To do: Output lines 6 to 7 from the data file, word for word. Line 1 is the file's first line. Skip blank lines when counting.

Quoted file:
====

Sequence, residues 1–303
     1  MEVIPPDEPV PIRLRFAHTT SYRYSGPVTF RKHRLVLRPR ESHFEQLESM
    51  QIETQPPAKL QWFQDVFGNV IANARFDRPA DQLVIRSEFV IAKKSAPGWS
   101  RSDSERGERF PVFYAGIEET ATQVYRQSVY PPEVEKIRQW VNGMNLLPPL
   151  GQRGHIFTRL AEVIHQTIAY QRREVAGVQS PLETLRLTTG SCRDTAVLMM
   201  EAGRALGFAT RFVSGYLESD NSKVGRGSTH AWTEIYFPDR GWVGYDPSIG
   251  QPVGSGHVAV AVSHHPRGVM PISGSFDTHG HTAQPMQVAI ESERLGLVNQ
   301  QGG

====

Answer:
   201  EAGRALGFAT RFVSGYLESD NSKVGRGSTH AWTEIYFPDR GWVGYDPSIG
   251  QPVGSGHVAV AVSHHPRGVM PISGSFDTHG HTAQPMQVAI ESERLGLVNQ